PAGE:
But the fact that the IOC is only now “looking at” ways to carry out third-party due diligence and third-party audits is shocking in the face of the massive and pervasive use of Uyghur forced labour by Chinese authorities and companies operating in the Uyghur Autonomous Region to produce polysilicon for the solar industry and process cotton 

 “The IOC has no idea whether the thousands of Olympic-branded products its corporate sponsors and other partners are selling are made with Uyghur forced labour. What’s worse, Olympic leaders apparently don’t care, as evidenced by their failure to perform and disclose meaningful due diligence,” said Scott Nova, Executive Director of the Worker Rights Consortium.       

 The IOC also informed the Coalition that “As part of the Olympic Host Contract and in alignment with the IOC Sustainability policy on workforce and sustainable sourcing, Beijing 2022 has developed a series of policy commitments, standards and detailed rules to safeguard employees’ and workers’ rights [that]… explicitly rule out forced labour.”   

 The IOC said that “If concrete allegations of forced labour directly related to the Games were to be raised, the IOC would hear them and address them with the Organising Committee. Following an investigation, if the allegations are confirmed we would request an immediate remediation of the issue, consider possible discontinuation of the sourcing activity, and if possible, the return and alternative sourcing of the goods.”   

“Held up against stark evidence of mass incarceration, torture, and crimes against humanity affecting 13 million Uyghurs and Turkic Muslims, the IOC’s willingness to trust Beijing to investigate its own forced labour is completely delusional,” said Peter Irwin, Senior Program Officer for Advocacy and Communications at the Uyghur Human Rights Project. “The IOC’s refusal to address the atrocities perpetrated by its partner, the Chinese government, is ensuring the Beijing Winter Olympics will be historic for all the wrong reasons.”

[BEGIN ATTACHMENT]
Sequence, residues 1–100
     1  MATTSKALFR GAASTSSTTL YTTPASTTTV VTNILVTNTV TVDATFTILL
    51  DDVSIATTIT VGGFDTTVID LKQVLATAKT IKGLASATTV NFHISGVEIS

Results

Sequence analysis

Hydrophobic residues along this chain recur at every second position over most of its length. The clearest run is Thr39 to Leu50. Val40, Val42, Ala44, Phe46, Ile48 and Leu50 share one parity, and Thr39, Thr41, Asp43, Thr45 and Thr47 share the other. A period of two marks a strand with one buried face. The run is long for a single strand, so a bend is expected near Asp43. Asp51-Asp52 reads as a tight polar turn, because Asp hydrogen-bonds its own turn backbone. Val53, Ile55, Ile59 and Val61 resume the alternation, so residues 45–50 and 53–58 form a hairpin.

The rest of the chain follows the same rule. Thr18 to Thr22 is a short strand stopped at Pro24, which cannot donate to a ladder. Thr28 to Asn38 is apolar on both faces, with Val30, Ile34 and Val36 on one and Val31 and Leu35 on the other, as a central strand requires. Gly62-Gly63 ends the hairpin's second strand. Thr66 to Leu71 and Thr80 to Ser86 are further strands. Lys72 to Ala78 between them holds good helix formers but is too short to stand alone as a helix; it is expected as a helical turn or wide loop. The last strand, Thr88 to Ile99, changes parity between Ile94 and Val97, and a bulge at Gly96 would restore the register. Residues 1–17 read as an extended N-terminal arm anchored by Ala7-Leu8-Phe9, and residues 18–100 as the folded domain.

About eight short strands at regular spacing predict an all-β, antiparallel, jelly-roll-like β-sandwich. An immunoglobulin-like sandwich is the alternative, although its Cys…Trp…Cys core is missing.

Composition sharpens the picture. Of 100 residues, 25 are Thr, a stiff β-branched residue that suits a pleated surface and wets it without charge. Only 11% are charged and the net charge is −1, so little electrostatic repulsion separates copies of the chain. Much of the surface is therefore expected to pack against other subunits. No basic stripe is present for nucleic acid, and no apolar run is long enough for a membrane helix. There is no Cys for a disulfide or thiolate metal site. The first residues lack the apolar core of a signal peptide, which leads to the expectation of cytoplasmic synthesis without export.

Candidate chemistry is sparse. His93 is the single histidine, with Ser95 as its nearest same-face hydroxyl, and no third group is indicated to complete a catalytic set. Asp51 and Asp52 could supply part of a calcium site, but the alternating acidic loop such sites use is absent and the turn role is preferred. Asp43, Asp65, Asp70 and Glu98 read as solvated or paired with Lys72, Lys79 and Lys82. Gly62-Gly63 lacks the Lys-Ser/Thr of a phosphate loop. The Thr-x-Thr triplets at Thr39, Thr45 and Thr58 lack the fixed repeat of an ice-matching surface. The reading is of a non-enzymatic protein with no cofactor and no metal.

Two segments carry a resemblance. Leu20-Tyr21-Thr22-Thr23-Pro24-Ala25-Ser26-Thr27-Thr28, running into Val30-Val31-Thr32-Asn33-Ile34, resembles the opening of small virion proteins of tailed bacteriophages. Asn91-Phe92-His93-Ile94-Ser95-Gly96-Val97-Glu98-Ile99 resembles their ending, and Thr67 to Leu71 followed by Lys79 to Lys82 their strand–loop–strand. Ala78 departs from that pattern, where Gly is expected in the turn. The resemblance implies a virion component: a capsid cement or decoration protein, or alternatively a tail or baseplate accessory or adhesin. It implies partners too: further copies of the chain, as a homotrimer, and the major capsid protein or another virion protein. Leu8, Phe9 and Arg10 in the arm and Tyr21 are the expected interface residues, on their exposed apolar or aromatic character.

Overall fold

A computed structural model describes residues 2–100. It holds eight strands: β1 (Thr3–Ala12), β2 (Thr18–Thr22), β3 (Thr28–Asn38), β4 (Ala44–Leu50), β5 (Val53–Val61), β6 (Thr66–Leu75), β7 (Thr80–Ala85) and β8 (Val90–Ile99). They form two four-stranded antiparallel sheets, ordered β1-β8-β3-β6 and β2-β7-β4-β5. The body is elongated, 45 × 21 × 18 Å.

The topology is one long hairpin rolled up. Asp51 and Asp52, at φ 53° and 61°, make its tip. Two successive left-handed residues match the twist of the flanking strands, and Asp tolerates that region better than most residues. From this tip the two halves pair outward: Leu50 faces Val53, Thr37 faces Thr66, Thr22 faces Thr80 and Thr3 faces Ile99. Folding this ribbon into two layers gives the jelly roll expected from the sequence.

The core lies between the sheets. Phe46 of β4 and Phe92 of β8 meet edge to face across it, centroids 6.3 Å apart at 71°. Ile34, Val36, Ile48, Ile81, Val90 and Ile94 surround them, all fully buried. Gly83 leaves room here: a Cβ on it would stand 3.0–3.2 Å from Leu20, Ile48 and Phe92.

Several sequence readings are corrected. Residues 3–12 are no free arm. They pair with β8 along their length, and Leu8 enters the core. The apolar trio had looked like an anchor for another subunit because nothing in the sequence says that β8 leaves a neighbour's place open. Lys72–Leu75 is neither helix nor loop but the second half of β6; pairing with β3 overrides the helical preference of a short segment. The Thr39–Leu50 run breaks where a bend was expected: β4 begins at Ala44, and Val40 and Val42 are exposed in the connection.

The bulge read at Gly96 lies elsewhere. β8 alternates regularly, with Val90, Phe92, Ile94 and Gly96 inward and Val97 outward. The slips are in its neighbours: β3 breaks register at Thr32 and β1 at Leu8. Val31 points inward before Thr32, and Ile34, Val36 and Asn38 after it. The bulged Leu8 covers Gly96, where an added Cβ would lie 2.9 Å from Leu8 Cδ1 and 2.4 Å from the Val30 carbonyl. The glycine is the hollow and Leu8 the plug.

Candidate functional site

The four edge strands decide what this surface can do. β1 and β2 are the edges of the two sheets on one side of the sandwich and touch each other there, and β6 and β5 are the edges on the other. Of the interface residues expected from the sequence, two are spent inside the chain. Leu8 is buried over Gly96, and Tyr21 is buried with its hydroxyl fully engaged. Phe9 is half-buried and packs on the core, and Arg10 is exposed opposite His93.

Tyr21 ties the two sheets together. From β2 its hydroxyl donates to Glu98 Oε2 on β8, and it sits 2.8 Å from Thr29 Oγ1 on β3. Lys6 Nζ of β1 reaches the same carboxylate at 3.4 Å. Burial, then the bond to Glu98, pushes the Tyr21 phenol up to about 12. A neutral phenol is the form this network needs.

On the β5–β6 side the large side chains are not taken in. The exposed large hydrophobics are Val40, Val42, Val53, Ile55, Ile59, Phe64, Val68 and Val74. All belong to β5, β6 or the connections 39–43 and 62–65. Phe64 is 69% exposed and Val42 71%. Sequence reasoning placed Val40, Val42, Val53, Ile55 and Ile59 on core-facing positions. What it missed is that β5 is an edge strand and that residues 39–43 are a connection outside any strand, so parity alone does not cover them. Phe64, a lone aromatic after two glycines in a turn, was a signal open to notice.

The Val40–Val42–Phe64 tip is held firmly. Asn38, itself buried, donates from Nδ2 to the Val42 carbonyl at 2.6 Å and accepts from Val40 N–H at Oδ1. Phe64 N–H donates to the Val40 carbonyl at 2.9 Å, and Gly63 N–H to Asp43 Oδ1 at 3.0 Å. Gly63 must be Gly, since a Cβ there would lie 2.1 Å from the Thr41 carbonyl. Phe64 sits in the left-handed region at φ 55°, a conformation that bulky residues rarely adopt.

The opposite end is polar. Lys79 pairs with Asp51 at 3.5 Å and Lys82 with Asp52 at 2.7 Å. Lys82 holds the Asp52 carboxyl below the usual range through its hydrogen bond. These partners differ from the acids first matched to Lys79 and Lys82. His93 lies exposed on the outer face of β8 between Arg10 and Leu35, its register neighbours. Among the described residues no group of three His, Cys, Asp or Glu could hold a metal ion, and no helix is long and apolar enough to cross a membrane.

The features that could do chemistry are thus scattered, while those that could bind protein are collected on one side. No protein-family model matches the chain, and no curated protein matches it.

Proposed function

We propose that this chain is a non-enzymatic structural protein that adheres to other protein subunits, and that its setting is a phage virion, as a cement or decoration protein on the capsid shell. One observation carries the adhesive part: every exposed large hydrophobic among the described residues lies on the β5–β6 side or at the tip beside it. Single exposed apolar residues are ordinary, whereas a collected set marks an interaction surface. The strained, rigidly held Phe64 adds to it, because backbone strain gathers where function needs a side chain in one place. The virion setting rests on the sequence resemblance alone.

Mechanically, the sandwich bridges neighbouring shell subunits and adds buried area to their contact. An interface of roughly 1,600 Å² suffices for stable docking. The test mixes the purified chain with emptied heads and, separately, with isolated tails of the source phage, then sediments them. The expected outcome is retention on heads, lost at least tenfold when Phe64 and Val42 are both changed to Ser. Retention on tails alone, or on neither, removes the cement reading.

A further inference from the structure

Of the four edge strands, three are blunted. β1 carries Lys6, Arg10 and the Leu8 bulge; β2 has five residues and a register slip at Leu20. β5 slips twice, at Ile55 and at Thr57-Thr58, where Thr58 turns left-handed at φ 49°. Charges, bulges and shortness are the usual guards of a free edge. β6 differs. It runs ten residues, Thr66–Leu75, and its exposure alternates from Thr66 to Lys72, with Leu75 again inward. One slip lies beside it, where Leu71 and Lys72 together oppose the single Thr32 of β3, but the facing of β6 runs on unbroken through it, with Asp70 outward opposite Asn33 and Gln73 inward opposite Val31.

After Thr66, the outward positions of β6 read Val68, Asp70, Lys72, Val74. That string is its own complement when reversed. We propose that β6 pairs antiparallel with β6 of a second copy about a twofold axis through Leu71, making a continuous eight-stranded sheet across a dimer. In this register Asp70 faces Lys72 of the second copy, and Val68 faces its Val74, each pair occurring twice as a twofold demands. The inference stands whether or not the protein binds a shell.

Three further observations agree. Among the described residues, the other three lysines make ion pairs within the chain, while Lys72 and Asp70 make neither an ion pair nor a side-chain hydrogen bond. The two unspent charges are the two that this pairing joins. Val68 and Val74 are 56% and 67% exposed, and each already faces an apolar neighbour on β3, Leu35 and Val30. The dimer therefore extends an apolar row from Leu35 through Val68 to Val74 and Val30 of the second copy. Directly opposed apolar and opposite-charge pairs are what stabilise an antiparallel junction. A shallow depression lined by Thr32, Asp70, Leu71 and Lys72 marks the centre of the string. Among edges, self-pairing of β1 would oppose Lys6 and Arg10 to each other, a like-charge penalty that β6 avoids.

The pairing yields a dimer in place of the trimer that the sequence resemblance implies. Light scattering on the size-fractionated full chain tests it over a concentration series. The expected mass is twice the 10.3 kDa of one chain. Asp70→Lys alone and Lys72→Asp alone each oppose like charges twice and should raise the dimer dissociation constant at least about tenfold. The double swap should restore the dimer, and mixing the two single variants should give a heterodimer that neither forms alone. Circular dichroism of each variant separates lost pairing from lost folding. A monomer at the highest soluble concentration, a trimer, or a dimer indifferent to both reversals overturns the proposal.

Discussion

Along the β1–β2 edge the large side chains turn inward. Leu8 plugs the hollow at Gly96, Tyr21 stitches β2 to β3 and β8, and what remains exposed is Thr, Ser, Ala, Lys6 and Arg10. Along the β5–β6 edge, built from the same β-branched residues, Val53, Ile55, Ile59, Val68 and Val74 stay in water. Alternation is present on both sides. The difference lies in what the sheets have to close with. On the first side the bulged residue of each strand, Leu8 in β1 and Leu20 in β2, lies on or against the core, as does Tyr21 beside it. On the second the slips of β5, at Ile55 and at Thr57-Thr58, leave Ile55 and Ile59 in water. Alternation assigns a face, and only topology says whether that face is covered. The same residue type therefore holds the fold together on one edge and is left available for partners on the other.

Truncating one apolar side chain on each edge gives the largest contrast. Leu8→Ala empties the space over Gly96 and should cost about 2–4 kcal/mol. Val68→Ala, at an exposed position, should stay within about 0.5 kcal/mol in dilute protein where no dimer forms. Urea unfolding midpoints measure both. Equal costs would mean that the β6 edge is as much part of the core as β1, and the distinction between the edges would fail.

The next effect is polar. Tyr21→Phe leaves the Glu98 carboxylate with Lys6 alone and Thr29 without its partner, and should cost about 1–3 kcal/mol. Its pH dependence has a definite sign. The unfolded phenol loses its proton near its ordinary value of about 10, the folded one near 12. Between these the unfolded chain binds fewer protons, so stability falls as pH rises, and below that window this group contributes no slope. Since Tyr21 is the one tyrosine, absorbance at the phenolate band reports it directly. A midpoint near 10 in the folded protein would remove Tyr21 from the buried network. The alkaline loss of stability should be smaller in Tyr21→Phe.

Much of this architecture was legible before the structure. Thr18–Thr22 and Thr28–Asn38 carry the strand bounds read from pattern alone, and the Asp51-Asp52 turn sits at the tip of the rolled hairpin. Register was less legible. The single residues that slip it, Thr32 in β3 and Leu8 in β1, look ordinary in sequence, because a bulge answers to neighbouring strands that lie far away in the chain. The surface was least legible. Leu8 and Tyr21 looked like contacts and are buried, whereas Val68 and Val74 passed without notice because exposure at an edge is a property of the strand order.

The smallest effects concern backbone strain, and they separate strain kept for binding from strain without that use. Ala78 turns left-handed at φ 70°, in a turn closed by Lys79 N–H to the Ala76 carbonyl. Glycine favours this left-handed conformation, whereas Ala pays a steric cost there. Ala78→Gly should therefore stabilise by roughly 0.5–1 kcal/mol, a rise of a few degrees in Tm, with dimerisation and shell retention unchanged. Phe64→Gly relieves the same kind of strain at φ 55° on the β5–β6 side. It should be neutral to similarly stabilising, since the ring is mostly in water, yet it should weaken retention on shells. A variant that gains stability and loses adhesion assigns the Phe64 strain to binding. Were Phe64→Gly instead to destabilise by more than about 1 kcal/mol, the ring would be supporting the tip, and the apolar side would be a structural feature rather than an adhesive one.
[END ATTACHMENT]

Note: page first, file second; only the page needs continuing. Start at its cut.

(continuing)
Coalition member Human Rights Watch and others have previously called for the IOC to conduct and make public human rights due diligence for the 2022 Beijing Winter Games, consistent with the IOC’s responsibilities under the UN Guiding Principles on Business and Human Rights. In February 2021, The Coalition to End Forced Labour in the Uyghur Region explicitly “called on the IOC to articulate its human rights due diligence plan” and in April specifically insisted that “procurement of any goods or merchandise comply with the ILO core labour standards” which include no forced labour.  

 Yet there is no evidence that the IOC has conducted such due diligence or a human rights impact assessment—related to forced labour of Uyghurs or otherwise. Nor has the IOC disclosed any engagement with the Beijing Organising Committee—effectively the Chinese government—on forced labour or other labour or human rights risks.  

 The IOC’s 2020 expert report “Recommendations for an IOC Human Rights Strategy” states that “the human rights impacts that could be connected to the Games are severe.” While the IOC reports that its human rights work has been “informed” by these recommendations, there is no indication that the IOC implemented this strategy related to human rights risks and the Beijing 2022 Winter Games. 

 “As a sister of a victim of this genocide who is paying the price in some dark dungeon for my activism in the US, I am very disappointed that the IOC is treating Uyghurs’ lives as disposable,” said Rushan Abbas, Executive Director of the Campaign for Uyghurs. “The IOC’s disrespect for directly affected rights-holders, in this case the Uyghur people, is clearly reflected in their unwillingness to engage in reasonable dialogue. We therefore can have no confidence—nor can athletes, sponsors, or virtual spectators have confidence—that any of the thousands of items of Olympic-branded merchandise are not stained with the blood and sweat of my people.”